The SXSW music festival is getting more crowded with each passing year. It’s a drunken, roving zoo with all manner of exotic beasts: the iPhone-fixated publicist, the Lone Star–toting UT fratboy, the black-jeans-in-90-degree-heat Seattle post-post-rock band and, of course, Bill Murray. It’s a semicontrolled fracas: You forget, for four days, about the existence of any bands (and for that matter, people) who aren’t there. But for at least one observer, this relative myopia is broken up by a conversation with Light Asylum on the banks of a Lady Bird Lake tributary. There, Austin’s outcasts drink from Popov vodka bottles, while the other half floats in an indifferent bubble a street level above: a palpable analogy for Light Asylum’s self-imposed dualism.
“You can’t have the darkness without the light and vice versa,” explains Shannon Funchess, the Brooklyn band’s vocalist. From its moniker to its lyrics, Light Asylum is committed to antagonisms. “Angel Tongue,” a swirling epic and one of the best tracks on its eponymous debut (out May 1 on Mexican Summer), pivots and plunges from hope into despair over its nearly seven minutes. “It’s always nice to see you around,” Funchess sings in a lovelorn refrain. Then: “When will you come? / Will I ever seen the sun?”
Funchess’s singing is aggressive, ambitious and, above all, subterranean. Claire Evans of Yacht—with whom Light Asylum toured last year—puts it this way, via e-mail: “Light Asylum’s undeniable physical presence is like a lightning bolt to the solar plexus. What they do is completely raw, and that’s such an uncommon thing that it can actually take a moment to acclimate.”
Funchess cites Clan of Xymox, Nitzer Ebb and Fear as influences; all, it should be noted, are fronted by men. Her voice channels the industrial edge of Nitzer Ebb’s Douglas McCarthy most analogously into a growling blitzkrieg. “It wasn’t preconceived,” says Funchess. “I just started singing really low and it stuck.” She recalls thinking, “Okay this is my voice. Right now. It was Light Asylum.”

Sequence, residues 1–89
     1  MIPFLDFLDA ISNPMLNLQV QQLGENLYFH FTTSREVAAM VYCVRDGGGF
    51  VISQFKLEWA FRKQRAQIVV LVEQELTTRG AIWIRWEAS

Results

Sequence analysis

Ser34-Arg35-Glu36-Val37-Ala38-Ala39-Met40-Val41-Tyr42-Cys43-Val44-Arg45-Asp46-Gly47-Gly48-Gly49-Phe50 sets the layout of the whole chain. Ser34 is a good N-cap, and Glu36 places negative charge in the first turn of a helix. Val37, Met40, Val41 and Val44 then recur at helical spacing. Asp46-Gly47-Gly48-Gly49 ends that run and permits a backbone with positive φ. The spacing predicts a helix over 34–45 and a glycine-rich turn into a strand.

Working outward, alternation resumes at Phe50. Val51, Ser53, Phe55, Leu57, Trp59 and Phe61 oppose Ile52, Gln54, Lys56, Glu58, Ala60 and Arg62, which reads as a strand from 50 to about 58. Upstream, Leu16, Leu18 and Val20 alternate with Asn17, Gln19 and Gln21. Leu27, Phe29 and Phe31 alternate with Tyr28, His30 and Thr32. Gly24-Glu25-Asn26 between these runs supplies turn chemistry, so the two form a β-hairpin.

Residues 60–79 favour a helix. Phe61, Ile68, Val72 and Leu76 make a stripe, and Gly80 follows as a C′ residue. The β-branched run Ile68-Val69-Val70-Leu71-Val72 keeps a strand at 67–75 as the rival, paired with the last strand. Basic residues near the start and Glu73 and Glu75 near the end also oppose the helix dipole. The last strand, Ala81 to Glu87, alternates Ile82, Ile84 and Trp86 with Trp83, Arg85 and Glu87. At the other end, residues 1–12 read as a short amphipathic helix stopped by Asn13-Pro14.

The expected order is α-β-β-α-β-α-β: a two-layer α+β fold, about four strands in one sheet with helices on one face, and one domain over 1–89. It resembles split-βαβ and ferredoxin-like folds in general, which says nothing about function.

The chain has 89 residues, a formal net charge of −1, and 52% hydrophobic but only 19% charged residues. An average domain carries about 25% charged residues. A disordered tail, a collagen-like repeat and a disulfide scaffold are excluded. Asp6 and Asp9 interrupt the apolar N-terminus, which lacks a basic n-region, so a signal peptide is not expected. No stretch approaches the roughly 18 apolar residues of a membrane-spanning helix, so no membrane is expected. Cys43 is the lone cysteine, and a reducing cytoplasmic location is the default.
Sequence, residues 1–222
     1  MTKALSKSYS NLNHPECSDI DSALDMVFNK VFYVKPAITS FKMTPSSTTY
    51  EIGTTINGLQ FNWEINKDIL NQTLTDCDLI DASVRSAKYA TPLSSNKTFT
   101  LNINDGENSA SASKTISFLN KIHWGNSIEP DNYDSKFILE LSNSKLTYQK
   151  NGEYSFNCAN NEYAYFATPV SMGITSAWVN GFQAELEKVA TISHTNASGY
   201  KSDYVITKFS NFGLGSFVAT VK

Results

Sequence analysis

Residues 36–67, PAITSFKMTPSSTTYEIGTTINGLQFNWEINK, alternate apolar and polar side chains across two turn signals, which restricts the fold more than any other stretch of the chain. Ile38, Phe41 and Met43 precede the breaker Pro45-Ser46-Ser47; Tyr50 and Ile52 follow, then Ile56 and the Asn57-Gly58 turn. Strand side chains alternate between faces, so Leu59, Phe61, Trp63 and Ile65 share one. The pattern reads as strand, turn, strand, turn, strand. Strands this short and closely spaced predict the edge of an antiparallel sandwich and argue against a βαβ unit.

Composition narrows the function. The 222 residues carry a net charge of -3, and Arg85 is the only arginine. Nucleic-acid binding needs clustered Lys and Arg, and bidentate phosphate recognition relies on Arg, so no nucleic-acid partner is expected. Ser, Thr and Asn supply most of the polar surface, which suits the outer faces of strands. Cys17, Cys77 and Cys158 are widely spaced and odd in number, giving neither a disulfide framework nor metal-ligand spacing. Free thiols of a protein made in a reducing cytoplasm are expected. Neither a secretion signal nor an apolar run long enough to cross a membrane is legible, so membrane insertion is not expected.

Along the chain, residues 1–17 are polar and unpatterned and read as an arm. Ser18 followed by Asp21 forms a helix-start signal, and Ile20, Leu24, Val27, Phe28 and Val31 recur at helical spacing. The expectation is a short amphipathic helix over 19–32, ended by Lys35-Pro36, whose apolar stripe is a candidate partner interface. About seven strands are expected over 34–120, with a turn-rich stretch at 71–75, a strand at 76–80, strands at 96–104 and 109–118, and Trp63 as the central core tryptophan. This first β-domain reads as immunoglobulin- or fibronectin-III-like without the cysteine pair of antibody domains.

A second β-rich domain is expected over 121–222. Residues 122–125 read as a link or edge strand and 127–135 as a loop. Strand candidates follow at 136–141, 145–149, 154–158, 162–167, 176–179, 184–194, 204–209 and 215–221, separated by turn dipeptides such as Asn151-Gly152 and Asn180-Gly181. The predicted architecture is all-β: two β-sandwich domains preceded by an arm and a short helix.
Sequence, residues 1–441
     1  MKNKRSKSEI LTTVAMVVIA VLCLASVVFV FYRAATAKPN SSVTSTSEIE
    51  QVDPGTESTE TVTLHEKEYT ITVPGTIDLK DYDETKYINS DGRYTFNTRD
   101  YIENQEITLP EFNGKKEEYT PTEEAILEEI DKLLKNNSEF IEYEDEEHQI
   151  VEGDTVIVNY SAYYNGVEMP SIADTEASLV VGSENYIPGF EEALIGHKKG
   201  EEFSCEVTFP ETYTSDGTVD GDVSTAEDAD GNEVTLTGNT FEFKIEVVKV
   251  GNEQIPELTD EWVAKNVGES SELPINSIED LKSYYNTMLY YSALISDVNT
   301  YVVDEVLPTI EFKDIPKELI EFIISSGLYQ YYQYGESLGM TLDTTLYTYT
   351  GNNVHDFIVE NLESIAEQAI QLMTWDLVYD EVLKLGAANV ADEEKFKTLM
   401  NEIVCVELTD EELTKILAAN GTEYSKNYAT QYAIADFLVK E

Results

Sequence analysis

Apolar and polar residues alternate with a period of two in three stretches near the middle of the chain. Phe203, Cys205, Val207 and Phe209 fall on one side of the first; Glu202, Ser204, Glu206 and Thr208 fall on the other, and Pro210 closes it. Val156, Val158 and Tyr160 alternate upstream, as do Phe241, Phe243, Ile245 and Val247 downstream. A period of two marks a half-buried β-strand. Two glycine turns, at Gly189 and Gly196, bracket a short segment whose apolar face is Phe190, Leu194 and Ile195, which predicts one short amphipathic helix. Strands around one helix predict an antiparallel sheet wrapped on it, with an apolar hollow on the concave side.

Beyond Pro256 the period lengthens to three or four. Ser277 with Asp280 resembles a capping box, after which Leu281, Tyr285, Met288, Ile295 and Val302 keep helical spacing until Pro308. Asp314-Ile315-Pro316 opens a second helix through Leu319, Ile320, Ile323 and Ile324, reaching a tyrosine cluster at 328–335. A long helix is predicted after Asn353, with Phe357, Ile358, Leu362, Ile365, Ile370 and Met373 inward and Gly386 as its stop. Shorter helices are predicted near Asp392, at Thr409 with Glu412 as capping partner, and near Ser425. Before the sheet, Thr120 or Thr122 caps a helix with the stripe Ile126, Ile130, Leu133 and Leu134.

The other half of the duo is quietly housed in an unassuming vessel, Bruno Coviello. (Manifesting the group’s dualist ethos, Funchess is a black woman and Coviello a white man.) Perched on a nearby stair among vagrants, the synthesizer wizard chimes in only a few times during the interview, but notably so. “Everything you hear on the record is what we do onstage,” he claims. “It’s more like the record duplicates what we try to pull off onstage.”
That’s a rare feat in the band’s electronically based universe, where most wire-pluggers can’t dutifully re-create their elaborate recordings live. Light Asylum flourishes in spareness, utilizing a pared-down collection of tools. It affords the duo the ability to travel efficiently. Still, Coviello’s sounds can tread into cinematic territory, often recalling 1980s film-score synth bits, from the opening bars of The Lost Boys to the closing routine from Revenge of the Nerds.
The two weren’t beginners when they linked up: Funchess had previously worked with Telepathe and !!!, among others; Coviello was busy with Bruno and the Dreamies. Light Asylum was born when the pair bonded over Xymox in a minivan during a 2007 tour. Last year the two released an EP, In Tension, that featured “Dark Allies,” a kind of treatise on the intent of their neo-Gothic marriage.
Funchess believes that listeners are too often “spoon-fed” and has no qualms getting grim: “Every living thing with a spirit and positive outlook is getting crushed.” When it’s suggested that she can be intimidating, she doubles down. “I can’t hold everybody’s hand and be like, ‘It’s okay. I’m black.’ I’d rather people feel something than not feeling anything at all. Life is going to kick your ass if you don’t wake up.”
That night at the Red 7, Light Asylum embraced that message, assaulting the crowd with dance beats and Funchess’s hawkish presence. It was evident this wasn’t just another SXSW showcase circled on a list, destined for an Austin hotel room floor and distant memories. Before reaching the operatic heights of the standout “Shallow Tears,” Funchess posed an apropos question: “Will you meet me by the river’s edge?”
Don’t Tell Mama
What good is singing alone in your room when you can sing along with show tunes at a Theater District cabaret? Cabaret performers often congregate in the bar area before and after their numbers, and best of all, there’s no cover charge there, just a two-drink minimum. Sip a bourbon, hum a few bars, and soak up the Art Deco chic.